He was a visionary. When I first heard him DJing I was mesmerised as his tastes were so varied, I loved the way he mixed different genres. In a way he reminded me of John Peel. I did not know at the time, but he had started the Boys Own fanzine in London with Terry Farley and Simon Eckel after reading The End. They loved The End, but I remember Terry Farley telling me it was probably too left wing for Stamford Bridge so obviously with Boys Own they kept to clubbing and fashion. When we went to Ibiza in 1990, he was at the top of his powers but he was never big headed or pretentious. His remix of Soon by My Bloody Valentine was the sound of that summer for me. I was so shocked when he passed away – but his music will never die!
Pre-Covid, have you been up to Scotland for any games in recent times?
Not recently – a few years ago my mates lad was on loan from Everton at Motherwell so went to a couple of games and another mate was the coach at Hibs with Stubbs, so we went to Easter Road a couple of times. The last time I went to Celtic was when Liverpool played there but my claim to fame is, I shook Jock Steins hand when we went on a school trip to Glasgow to play some teams and got a tour of Parkhead with Jock. The next day we went to see Celtic v Aberdeen and the Celtic fans sang a wonderful version of YNWA – a higher pitch to the Kop but I will always remember it.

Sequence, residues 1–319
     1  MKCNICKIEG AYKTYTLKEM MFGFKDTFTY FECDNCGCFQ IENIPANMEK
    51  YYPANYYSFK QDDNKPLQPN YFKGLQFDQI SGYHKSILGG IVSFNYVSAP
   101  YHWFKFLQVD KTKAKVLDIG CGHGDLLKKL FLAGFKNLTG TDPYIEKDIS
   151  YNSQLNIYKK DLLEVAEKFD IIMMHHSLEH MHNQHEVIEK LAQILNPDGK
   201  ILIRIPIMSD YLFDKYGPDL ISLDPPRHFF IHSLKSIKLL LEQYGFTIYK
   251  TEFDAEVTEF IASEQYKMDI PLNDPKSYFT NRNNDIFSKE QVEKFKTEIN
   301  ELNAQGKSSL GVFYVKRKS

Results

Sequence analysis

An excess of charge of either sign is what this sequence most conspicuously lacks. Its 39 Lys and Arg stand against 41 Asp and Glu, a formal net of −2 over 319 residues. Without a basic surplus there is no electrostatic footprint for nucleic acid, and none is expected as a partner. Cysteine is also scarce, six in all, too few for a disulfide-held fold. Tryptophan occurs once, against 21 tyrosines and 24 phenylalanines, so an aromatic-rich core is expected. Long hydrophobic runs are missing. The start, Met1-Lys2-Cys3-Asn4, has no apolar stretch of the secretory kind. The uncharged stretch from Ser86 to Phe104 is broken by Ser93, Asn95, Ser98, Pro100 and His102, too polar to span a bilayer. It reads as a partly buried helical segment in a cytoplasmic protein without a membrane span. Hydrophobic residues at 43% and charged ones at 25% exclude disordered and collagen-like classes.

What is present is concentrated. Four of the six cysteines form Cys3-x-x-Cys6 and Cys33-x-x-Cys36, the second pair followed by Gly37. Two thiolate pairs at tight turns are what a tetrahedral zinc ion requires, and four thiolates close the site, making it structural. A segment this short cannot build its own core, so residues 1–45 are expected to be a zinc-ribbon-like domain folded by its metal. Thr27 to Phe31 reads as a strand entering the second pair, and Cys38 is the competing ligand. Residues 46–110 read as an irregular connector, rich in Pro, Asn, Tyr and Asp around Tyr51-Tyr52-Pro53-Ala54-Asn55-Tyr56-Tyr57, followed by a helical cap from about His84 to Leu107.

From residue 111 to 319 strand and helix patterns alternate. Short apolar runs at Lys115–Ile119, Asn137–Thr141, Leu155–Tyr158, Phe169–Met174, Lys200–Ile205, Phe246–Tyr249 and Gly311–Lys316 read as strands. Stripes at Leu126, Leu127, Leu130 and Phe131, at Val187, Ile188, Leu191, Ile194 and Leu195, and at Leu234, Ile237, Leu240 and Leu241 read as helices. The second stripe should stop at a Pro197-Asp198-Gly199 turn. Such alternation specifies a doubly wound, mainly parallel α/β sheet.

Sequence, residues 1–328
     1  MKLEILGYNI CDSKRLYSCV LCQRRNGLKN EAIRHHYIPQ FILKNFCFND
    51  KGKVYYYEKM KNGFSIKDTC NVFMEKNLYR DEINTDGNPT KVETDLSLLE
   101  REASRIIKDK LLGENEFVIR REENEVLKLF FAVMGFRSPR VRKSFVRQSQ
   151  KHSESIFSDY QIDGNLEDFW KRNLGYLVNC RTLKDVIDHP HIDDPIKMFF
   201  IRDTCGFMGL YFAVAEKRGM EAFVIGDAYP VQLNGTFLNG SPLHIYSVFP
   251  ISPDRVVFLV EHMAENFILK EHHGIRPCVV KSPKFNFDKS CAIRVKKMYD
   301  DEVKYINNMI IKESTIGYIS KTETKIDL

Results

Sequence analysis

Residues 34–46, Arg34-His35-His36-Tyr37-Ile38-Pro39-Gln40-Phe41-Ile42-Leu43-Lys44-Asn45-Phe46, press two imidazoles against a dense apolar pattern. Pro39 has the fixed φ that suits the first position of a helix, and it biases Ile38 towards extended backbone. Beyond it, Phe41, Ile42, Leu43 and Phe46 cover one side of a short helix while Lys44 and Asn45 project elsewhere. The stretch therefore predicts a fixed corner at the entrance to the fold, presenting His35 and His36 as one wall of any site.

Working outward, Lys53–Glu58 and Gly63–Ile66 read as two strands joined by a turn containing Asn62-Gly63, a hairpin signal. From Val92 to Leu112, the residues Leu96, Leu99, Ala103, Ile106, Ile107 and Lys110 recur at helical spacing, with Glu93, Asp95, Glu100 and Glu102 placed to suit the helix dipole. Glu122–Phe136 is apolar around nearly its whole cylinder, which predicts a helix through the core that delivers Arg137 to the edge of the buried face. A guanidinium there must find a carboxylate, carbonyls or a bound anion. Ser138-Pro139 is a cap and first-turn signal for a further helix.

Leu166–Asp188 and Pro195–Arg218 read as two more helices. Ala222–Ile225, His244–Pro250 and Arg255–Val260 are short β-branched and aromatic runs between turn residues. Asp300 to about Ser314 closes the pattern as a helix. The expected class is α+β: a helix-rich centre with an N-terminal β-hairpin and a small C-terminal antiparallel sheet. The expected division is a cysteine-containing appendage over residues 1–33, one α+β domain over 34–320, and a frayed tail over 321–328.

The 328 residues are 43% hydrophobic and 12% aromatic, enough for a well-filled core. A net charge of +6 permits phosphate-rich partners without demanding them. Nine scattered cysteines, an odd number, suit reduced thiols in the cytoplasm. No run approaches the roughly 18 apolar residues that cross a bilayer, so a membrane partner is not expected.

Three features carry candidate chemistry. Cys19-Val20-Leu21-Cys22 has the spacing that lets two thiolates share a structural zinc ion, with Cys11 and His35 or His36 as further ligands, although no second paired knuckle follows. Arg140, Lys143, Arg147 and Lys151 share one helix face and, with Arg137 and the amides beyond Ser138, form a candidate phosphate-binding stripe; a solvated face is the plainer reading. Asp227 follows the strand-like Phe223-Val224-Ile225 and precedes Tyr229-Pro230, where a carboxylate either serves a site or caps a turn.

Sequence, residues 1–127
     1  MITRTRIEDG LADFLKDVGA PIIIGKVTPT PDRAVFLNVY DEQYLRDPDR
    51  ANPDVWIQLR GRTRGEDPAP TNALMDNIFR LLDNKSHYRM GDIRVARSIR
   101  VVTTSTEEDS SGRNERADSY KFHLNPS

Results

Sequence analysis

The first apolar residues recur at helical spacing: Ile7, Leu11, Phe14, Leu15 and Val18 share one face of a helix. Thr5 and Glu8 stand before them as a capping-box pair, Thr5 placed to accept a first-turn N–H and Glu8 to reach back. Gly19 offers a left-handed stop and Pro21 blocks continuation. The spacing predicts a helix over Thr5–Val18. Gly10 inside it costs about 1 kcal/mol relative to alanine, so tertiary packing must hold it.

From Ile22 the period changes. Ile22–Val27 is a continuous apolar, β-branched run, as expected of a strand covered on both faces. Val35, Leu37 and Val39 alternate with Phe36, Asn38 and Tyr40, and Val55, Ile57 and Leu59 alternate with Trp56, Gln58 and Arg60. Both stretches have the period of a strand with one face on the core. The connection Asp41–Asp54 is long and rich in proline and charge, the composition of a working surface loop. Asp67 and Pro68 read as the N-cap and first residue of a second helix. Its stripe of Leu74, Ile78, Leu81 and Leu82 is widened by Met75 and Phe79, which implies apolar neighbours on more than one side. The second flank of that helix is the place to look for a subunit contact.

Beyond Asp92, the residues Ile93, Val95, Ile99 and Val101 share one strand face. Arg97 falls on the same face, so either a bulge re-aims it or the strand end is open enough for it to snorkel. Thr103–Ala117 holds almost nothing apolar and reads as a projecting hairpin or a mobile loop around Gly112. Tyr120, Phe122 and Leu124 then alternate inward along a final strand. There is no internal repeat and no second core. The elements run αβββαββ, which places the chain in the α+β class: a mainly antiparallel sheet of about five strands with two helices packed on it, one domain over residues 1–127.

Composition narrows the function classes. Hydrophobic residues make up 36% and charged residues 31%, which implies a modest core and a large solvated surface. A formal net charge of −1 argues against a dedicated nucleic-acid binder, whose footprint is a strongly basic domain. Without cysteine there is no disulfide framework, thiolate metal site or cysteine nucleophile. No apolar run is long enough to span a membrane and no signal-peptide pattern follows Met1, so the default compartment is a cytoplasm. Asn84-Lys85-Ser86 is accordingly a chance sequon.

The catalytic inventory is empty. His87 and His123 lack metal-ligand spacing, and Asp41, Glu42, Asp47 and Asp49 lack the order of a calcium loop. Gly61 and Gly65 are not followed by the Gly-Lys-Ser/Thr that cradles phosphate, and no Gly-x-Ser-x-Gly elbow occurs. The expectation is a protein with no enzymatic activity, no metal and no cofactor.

We went to Balloch after the game in the school minibus as we were staying in a Youth Hostel there. Our priests who were on the strict side were in plain clothes so when we went to a local chippy with them, we thought nothing of it. All sudden a police van screeched to a halt and a load of police pinned everyone against the wall. Our priests tried to explain we had just come from the Celtic match, but the police were not having it they just would not listen. We were all trying to control our laughter as one priest was a ‘authoritarian’, but the police were telling him to shut up. It turns out they were looking for a Glasgow gang in the area – oh how we laughed (we all had Celtic scarves bobble hats on) – the priests never got an apology but, in a way, we were made up they had been powerless!
As a vocal Corbyn supporter, what are you views on Keir Starmer?
No comment until I see my lawyers
Has he got the metal to see it through and get rid of Tories?